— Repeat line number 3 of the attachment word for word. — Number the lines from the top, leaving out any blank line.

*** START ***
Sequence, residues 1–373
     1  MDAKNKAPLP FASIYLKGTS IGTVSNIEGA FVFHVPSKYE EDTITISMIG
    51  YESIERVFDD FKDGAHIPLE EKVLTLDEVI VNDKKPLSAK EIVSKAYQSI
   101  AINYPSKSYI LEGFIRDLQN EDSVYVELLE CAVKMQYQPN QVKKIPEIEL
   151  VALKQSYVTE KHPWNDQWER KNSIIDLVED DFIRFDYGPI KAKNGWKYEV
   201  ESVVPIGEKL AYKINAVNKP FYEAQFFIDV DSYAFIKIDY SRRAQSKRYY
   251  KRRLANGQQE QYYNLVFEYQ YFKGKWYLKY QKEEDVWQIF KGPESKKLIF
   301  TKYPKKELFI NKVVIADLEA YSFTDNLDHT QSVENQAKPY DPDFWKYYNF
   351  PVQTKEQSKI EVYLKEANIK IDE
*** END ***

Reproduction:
    51  YESIERVFDD FKDGAHIPLE EKVLTLDEVI VNDKKPLSAK EIVSKAYQSI